Arlen Specter’s vote on the stimulus bill is proving to be a political disaster. His poll numbers have tanked. And today comes word from Club for Growth’s Pat Toomey that the potential for a primary challenge is “back on the table.” After speculation following a radio appearance, Toomey released a statement that read:
As this disastrous recession worsens, I have become increasingly concerned about the future of our state and national economy. Unfortunately, the recent extraordinary response of the federal government – more corporate bailouts, unprecedented spending and debt, higher taxes – is likely to make things worse. I think we are on a dangerously wrong path. Pennsylvanians want a US Senator focused on real and sustainable job creation that gets our economy growing again. That is why I am considering becoming a candidate for the US Senate.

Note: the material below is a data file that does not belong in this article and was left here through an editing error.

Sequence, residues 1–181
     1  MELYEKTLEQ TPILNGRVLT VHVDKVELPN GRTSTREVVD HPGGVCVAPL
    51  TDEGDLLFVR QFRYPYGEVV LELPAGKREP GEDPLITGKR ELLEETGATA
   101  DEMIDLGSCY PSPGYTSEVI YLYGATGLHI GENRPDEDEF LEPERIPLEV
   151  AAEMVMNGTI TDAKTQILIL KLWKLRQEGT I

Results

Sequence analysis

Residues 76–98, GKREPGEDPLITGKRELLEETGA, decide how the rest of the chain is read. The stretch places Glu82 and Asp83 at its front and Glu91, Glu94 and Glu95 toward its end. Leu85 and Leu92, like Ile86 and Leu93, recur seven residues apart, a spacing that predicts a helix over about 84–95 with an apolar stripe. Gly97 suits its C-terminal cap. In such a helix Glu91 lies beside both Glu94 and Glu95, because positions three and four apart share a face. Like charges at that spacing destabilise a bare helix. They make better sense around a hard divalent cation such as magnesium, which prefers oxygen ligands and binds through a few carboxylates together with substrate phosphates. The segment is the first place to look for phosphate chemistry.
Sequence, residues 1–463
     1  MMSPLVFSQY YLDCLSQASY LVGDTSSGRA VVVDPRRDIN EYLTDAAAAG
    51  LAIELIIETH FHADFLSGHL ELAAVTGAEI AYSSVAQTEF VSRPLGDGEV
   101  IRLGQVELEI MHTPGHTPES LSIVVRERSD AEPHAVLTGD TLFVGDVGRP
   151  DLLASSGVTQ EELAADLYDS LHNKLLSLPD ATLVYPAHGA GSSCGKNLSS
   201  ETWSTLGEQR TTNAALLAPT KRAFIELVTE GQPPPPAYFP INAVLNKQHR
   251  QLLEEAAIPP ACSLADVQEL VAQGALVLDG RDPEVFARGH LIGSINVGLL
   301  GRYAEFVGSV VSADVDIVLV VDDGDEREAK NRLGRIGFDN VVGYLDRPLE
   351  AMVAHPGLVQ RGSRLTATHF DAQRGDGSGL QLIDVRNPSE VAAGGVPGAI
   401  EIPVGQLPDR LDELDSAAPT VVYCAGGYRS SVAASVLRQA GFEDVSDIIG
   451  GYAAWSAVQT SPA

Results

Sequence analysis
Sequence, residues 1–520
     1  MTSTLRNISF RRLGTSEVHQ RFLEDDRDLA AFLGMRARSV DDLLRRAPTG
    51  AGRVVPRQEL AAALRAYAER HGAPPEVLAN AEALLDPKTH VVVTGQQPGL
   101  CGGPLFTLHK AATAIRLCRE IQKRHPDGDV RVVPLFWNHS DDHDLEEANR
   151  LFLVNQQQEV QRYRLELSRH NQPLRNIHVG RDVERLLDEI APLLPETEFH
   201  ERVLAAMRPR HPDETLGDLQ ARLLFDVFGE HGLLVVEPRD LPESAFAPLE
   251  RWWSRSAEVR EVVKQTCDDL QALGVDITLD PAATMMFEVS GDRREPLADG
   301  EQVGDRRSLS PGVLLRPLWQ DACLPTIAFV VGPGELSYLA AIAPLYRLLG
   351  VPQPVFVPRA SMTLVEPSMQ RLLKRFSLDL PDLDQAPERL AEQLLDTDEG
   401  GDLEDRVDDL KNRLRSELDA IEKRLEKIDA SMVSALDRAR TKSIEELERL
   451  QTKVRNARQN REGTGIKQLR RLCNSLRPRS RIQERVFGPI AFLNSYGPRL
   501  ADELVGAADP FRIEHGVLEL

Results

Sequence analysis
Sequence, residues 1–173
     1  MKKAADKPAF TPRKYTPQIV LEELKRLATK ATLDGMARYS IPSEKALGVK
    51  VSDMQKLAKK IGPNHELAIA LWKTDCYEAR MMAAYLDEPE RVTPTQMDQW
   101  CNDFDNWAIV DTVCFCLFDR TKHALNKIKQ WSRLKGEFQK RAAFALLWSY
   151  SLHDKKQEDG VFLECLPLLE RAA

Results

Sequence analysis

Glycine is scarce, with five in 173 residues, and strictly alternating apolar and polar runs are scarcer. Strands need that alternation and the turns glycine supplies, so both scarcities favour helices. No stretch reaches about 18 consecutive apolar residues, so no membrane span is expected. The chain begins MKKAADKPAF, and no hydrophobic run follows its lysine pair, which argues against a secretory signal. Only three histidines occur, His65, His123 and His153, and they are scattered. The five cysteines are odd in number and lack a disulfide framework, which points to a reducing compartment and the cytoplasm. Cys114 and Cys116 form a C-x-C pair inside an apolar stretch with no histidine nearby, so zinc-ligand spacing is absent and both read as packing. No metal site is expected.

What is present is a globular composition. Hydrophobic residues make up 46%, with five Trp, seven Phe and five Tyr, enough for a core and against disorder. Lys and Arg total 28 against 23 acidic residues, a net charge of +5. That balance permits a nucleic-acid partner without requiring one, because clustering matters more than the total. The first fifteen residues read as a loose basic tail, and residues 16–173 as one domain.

Specter’s defenders will claim he is the only Republican who can hold the seat and represents a sometimes critical vote for his party. Should he lose the primary and let the seat fall to the Democrats, card check legislation, for example, might have its critical 60th vote to cut off a filibuster. (Specter has sounded increasingly skeptical of card check legislation.) Specter’s fierce conservative critics say he’s no longer a vote on critical issues — the stimulus and the confirmation of Eric Holder as Attorney General being two prime examples — and it’s worth the gamble of losing the seat to get a more reliable conservative in place.
Whichever side is correct, one thing is for certain: fiscal conservatives are itching for a fight and for the chance to extract a pound of flesh. Whether they can translate that ire into results at the ballot box in 2010 remains to be seen. But the fight is on — and Specter may be the first victim of the populist/conservative wave of anger that is also manifesting itself in the nationwide Tea Party movement.